Airports are stressful for many of us who are reasonably fit and can move about on our own volition, but for the elderly or physically impaired traveling can be a frustrating and exhausting endeavor. Patients who do not have help from friends or family find traveling with a paid companion or heath care worker beneficial. Thorough Instructions should be communicated to the caregiver so the patient has everything they need for the trip. This includes enough medications for the time away, wheelchair, cane, walker, appropriate clothes for weather conditions at the destination, emergency phone numbers, oxygen, moist wipes, snacks etc.
The New York Times article titled “Flying Tips for Older Passengers” has the following advice. “Make as many requests as possible when booking a flight, including requests for expedited boarding and seats with extra legroom and wheelchairs. Elderly fliers who don’t need wheelchairs but have trouble walking can ask about electric carts. Fliers should get a doctor’s note that they can present at check-in and the gate.” The more you can take care of in booking the better. Checking in presents another set of challenges.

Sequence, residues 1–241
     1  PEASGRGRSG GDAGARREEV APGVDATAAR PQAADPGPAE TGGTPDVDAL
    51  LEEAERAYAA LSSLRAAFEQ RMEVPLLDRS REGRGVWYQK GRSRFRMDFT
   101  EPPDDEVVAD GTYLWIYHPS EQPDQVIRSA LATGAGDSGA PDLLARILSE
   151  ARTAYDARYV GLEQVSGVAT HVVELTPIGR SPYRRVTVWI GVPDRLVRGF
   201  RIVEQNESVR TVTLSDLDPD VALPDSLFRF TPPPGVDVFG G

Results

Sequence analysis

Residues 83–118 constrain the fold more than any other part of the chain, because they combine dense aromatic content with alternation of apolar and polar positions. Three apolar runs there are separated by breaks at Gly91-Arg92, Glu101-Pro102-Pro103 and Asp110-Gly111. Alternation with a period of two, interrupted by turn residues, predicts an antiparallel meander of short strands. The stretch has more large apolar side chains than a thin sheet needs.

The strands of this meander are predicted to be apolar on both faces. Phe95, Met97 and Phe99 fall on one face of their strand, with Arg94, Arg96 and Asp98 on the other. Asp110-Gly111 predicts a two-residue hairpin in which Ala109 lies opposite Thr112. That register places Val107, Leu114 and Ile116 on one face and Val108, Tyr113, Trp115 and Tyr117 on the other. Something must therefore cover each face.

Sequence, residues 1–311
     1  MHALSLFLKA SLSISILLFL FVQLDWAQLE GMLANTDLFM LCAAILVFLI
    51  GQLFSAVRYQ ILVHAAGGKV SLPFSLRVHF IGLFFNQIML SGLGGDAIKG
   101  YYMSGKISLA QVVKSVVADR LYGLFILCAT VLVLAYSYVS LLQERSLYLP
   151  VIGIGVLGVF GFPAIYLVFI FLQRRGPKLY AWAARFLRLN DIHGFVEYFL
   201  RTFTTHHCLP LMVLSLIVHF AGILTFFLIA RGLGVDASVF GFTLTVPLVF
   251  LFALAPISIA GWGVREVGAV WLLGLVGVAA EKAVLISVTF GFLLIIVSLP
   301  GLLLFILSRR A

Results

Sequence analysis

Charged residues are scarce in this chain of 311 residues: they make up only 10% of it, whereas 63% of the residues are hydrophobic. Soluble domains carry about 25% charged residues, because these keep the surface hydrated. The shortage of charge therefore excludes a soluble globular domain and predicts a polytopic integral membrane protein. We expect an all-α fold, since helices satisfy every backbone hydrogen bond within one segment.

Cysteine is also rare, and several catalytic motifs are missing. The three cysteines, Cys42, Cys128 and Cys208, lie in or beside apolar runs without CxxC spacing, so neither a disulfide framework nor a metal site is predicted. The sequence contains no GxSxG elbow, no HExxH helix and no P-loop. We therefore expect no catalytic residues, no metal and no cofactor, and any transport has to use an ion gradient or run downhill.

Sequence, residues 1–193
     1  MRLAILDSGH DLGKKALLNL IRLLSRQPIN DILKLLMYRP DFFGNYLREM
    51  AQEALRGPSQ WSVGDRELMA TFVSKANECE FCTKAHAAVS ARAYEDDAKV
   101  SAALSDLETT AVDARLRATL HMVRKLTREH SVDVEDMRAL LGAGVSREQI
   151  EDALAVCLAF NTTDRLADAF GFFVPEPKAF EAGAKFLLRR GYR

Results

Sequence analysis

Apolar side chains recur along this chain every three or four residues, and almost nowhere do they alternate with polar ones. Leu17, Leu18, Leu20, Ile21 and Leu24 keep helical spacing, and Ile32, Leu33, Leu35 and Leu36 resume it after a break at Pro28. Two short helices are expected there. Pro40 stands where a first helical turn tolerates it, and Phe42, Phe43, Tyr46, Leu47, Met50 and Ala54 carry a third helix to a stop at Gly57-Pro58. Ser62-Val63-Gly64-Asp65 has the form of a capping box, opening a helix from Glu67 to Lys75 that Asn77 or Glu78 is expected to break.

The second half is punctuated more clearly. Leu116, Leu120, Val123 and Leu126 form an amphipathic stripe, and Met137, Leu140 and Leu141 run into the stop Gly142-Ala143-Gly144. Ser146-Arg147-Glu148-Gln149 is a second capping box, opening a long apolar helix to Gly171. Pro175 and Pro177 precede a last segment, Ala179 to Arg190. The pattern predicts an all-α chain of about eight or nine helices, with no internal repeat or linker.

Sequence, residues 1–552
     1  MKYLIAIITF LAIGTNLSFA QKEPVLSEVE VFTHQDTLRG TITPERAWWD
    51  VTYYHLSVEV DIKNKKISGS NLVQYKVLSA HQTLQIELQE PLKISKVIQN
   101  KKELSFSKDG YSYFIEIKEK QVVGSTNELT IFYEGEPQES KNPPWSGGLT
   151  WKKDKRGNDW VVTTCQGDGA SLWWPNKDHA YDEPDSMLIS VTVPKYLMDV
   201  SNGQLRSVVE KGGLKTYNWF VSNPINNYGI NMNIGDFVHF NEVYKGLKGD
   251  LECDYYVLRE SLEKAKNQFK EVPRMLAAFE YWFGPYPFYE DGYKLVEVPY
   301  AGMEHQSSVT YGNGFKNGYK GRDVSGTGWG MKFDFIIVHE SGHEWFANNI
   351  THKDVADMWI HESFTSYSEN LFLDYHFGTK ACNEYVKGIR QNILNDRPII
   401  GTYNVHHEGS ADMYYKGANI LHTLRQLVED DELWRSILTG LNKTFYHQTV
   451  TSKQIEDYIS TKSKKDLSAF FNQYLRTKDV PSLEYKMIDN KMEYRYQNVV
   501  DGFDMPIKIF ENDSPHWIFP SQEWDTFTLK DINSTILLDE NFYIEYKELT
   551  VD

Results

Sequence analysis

The article goes on to say “People who can’t help an elderly flier check in can take advantage of free services — for instance, a Delta employee can help an older person through check-in with 48 hours’ notice — or pay for a concierge. American Airlines has a Service program that shepherds fliers from curb to gate.
Other companies, like Royal Airport Concierge Services, will meet passengers at the curb to help them check bags and escort them to security. “If the person is traveling with a caregiver some of the these can ideas can still be utilized. Traveling with the physically or mentally impaired is complicated, entailing extensive planning. Whether the patient is going across state lines or over seas the issues are the same.
The elderly and infirm can become lethargic and even depressed due to their lack of mobility, companionship and stimulation. Theses people have enjoyed traveling, and cruises are especially popular. Bringing a caregiver along on a pleasure trip is a wonderful way for a disabled person to experience an adventure. Usually the companion’s ticket, taxes, room and board, cash for taxi’s etc. is paid for by the patient or patients representative. Caregivers are paid for the time they are traveling as they are working on such trips. A day rate or weekly rate that includes 24/7 care is established up front. Find a reputable agency with references that is licensed, bonded and insured. Ask to meet with the caregiver they assign you since you will be with them for an extended period of time. If you don’t like that person request someone else. Compatibility is an important factor in the relationship between caregiver and patient.
Brought to you by Angel Care Nurse Registry.